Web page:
The head of a body which represents nearly 300 global airlines has heralded the end of boom and bust while slashing his outlook for the industry by more than a fifth.
The International Air Transport Association (Iata) said it expects airlines’ combined profit to fall to $28bn (£22bn), over 21 per cent below a December estimate, as fuel prices rise and global trade weakens.
It also falls under 2018’s estimated post-tax profits of $30bn, the organisation said.
“Margins are being squeezed by rising costs right across the board – including labour, fuel, and infrastructure. Stiff competition among airlines keeps yields from rising,” said Iata chief executive Alexandre de Juniac.
Oil prices have risen since the beginning of the year, after months of decline towards the end of 2018.
The group said it expects oil to be slightly below last year’s price of $71.60 per barrel for Brent crude in 2019. This afternoon the price lay at $64.47 after a week of decline.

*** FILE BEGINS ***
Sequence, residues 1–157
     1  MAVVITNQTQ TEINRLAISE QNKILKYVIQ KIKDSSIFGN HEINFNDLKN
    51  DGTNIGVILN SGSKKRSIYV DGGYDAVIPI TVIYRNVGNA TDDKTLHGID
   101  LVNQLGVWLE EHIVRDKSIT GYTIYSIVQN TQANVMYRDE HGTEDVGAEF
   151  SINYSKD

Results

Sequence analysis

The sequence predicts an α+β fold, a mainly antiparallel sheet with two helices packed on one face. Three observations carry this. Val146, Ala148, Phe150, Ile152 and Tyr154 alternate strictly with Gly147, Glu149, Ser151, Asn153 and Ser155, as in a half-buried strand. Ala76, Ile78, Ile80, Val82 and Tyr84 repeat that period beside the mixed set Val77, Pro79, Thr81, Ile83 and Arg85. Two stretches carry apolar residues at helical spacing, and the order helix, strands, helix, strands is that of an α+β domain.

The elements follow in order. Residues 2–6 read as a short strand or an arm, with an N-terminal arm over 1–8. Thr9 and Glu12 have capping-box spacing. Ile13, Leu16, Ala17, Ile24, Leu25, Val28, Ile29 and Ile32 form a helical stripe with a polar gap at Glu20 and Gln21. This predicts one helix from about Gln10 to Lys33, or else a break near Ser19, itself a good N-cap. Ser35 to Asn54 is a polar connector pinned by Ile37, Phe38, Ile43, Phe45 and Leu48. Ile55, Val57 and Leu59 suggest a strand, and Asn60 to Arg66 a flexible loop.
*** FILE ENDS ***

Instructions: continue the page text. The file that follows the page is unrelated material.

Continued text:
The industry has also been hit by weaker global trade, which is set to continue amid a trade war between the US and China.
“The good news is that airlines have broken the boom-and-bust cycle. A downturn in the trading environment no longer plunges the industry into a deep crisis. But under current circumstances, the great achievement of the industry – creating value for investors with normal levels of profitability is at risk,” de Juniac said.
It comes as a series of airlines have struggled in recent years. in 2017 Monarch collapsed, and it has been joined by Primera and Air Berlin.
The group today also appointed Lufthansa chief executive Carsten Spohr as its new chair.